In contrast, hamsters have a difficult time digesting proteins. Can hamsters eat mouse or rat food? With what we have learned about the rats’ dietary requirements of the rats it is safe to say that if there is no other food option available, then going on rat food for some time will not kill or have any adverse effect on the hamster.

However, keeping the hamster on a rat diet will ultimately make it sick and decrease its life expectancy.

How To Feed A Hamster Rat Food?

Due to inflation and shortage of pet food, it has come down to using every resource a man can get and taking out the best possible outcome. There are many ways to use rat food in hamsters’ diet.

One of the best ways to use it is by pairing it up with additional supplements that are good for hamsters but not available in rat pellets. Vitamins A, D, K, and H are vital to adding to the list of supplements, along with Thiamine, Riboflavin, and Pyridoxine.

Similarities Between Hamsters and Mice and Rats

As mentioned earlier, hamsters and rats belong to the same order; hence, many aspects of physical appearance are the same for both. They both are kept as pets and usually enjoy the house as their home. The enclosed habitat is also one of their preferences for a permanent home.

Since they mimic many aspects of each other in the wild, they are in the same order as the animal kingdom. However, some significant differences between the two clearly show which animal belongs to which category.

Check here: Can Hamsters Eat Strawberries?

Differences Between Hamsters and Mice and Rats

From appearance to living style to dietary requirements, there is always some factor to present that rats are pretty different from hamsters. Rats are bigger than hamsters in size and weight. While hamsters have a body of 2 to 6 inches, rats have a body size of 6 to 8 inches, which doesn’t include their tails. Plus, the weight of a rat is more than a hamster on average.

Rats are always in solid colors and have long tails; in contrast, hamsters can have different shades, markings, and patterns of color and have small stubbed tails.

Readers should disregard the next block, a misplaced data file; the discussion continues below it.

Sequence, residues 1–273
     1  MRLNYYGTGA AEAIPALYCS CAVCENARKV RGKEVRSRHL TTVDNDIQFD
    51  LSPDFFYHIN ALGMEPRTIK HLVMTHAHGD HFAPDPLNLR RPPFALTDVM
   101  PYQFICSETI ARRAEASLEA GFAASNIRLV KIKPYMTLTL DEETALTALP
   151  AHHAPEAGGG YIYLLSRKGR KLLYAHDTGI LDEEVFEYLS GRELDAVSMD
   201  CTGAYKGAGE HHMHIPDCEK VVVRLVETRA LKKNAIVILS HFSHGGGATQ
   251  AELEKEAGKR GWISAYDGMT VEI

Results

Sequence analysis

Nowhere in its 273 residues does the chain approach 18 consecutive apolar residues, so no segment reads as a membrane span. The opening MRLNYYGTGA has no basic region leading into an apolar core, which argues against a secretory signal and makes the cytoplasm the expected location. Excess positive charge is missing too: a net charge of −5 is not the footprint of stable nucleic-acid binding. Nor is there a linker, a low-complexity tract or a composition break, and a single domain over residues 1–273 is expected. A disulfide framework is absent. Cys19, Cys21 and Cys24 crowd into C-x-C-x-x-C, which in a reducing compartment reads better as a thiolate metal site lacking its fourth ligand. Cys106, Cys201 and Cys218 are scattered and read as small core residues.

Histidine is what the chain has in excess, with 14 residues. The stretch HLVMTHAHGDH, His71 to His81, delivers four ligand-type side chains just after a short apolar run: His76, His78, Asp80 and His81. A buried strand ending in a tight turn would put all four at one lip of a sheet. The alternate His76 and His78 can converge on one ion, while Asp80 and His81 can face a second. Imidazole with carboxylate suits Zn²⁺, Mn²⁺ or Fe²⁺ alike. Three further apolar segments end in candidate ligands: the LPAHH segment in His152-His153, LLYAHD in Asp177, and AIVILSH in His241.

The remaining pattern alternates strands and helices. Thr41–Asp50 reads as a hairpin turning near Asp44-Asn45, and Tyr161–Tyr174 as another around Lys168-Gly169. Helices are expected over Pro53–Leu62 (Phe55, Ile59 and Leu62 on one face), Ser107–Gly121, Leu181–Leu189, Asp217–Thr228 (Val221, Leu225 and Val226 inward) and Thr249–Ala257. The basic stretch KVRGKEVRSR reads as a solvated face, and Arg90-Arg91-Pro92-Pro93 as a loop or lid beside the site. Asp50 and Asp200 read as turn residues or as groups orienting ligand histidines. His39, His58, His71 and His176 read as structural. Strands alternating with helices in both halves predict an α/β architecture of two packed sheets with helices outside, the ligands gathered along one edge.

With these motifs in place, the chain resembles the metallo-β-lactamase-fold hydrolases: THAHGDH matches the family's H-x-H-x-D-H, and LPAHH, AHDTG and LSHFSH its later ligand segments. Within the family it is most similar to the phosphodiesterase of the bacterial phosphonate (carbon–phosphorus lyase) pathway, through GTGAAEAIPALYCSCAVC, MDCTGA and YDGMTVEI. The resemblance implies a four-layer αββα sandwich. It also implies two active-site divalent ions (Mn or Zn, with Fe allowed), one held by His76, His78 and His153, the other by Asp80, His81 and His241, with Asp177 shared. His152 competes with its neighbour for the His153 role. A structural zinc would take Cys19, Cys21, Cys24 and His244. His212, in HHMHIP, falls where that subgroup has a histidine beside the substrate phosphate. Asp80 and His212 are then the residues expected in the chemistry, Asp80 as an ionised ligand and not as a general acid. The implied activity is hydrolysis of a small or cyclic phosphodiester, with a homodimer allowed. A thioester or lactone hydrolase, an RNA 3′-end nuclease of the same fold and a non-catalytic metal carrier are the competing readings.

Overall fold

Although both share their love for warm and enclosed habitats, the hamsters love dessert and sandy areas where they can make tunnels and burrows. At the same time, the rats can live anywhere and prefer industrial areas and cities.

As for pet hamsters, they love running on a wheel, while rats do not find this entertaining. Many pet owners provide hamsters a place where they can mimic their natural environment of living in a burrow by giving hamsters an enclosed sandy space to live in.

There is a major behavior difference between rats and hamsters. The hamsters are nocturnal animals and love the solitary atmosphere when kept in cages. However, rats are more active day and night and are more interactive and social with humans.

Rats also like living with their species, so if you want a pair or more in one place, they will enjoy each other’s company. On the contrary, hamsters only like to live alone and have space to themselves; they love to interact with humans but not other hamsters.

The biggest difference apart from their dietary requirements and still related to food is that hamsters are real food hoarders. From pieces of nuts and carrots to bread and grains, they like to store everything they can eat inside their cheeks. At the same time, rats are opportunity seekers when it comes to food.


Can hamsters eat mouse or rat food? Yes, they can, only in small quantities or for a shorter time. It is not suitable for hamsters to eat rat pellets as they do not contain the essential amounts of nutrients and fiber that a hamster needs.

Furthermore, rat food is rich in protein because rats are more accustomed to eating meat. This is one of the significant differences between these two categories of rodents; unlike rats, hamsters do not eat meat and always prefer vegetables, corn, nuts, and grains. Hence, their dietary requirements greatly differ; this difference signifies for the rats, mice, and hamsters living in the wild.

Although hamsters are more energetic, they need additional fiber to clear the digestive tract. In contrast, wild rats and mice prefer meat and have no issues digesting it.

If there is no solution but to use rat food, then one must ensure that other dietary requirements of a hamster are fulfilled so that it doesn’t get sick.